As we drove down M-60, I named families that were our friends, most of whom went to the church. We passed the land that was once the Michigan State African-American camp ground where our family went every night of the camp to hear some of the greatest preachers and singers in our movement and beyond.
We drove on to Battle Creek and visited the church that my parent led that congregation to build on North Avenue when I was still in college and where Bill and I came to visit when we were first married. We talked about the nights Bill picked me up at midnight when I got off work from Kellogg’s where I worked summers to help pay for college. It was on one of those nights that Bill gave me an engagement ring.
We checked into the Bavarian Inn in the darling German-Bavarian town of Frankenmuth to spend some time with my sister’s daughter Melody and her husband Greg who pastor in the near-by town of Millington. What a sweet time we had with them remembering my sister, sharing stories, and then attending worship with them on Sunday!
All the while, I was breathing air fragrant with cedars, pine and the smell of fresh water lakes and streams. The white paper birch and poplar leaves were quivering in the breeze, and stray gulls from the Great Lakes glided sporadically overhead. We sat on the long porch of Melody’s and Greg’s log house and caught the flashes of bluebirds and gold finches against the dark green of the trees. A deer or two nibbled leaves in the edge of the woods behind their yard, and a great blue heron could be spotted now and then rising from some lake in the distance.
The next time I have a longing for the state that’s “in my bones,” or maybe for the fresh water in my veins, my sweet husband and I will go on up to the north country above Clare and on to the big lakes and the dunes. But for now, I’m okay in Indiana.
Michigan isn’t just a state;
It’s a state of mind.
The fragrance of pine and the nutty smell of birches,
Their bark peeling into sheer ruffled sheets of grey paper.
Michigan is a liquid place of creeks and rivers,
Lakes and streams and springs bursting out
In the most unlikely places.
It’s sand – between your toes,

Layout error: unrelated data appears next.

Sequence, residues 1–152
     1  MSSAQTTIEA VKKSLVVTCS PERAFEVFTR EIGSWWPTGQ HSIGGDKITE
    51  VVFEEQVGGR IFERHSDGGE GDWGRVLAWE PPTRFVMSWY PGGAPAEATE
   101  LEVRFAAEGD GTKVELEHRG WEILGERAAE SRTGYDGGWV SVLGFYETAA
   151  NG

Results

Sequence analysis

In your tennis shoes, on the linoleum.
It’s piles of sand in the yard,
Under the swing, along the road.
It’s dunes of sand, beaches of sand,
Get-lost-winding-trails of sand.
Michigan is fried potatoes and onions
Cooked on a Coleman stove along the highway.
It’s Vernor’s Coolers at Dairy Queen,
Fudge from Murdick’s and pasties
From a roadside stand on the Keewenaw Peninsula.
Michigan is something fragile –
Fragile as an Indian Peace Pipe,
A pink Ladyslipper or the delicate
Color of Northern Lights in the silent sky.
Michigan is tough –
Tough as the steel on a Detroit assembly line,
Tough as the year-round residents
On Beaver Island,
Tough as the survivors of the Missouri Dust Bowl
Or the lean years in the Kentucky mountains,
Who lost it all and built it back
With worn-out tools at Ford or Post or Kellogg.
Michigan is the music over the lake at Interlochen.
It is art on the gallery sidewalks of Petoskey.
It’s a Dutch dance in wooden shoes
Among the fields of tulips.
It’s a Frankenmuth Christmas that lasts
All year long, and the mist
Rolling in while your head is turned
To hide the bridge.
It’s black dirt, golden wheat,
And ten shades of purple lilacs.
Michigan is an attitude.
It’s helping a neighbor without being asked,
Fishing ‘til the catfish bite,
And waiting ‘til the cows come home,
If you have to, to see a kid “turn out.”
And once she does, Michigan is a big mitten
To warm her hands
And welcome her home.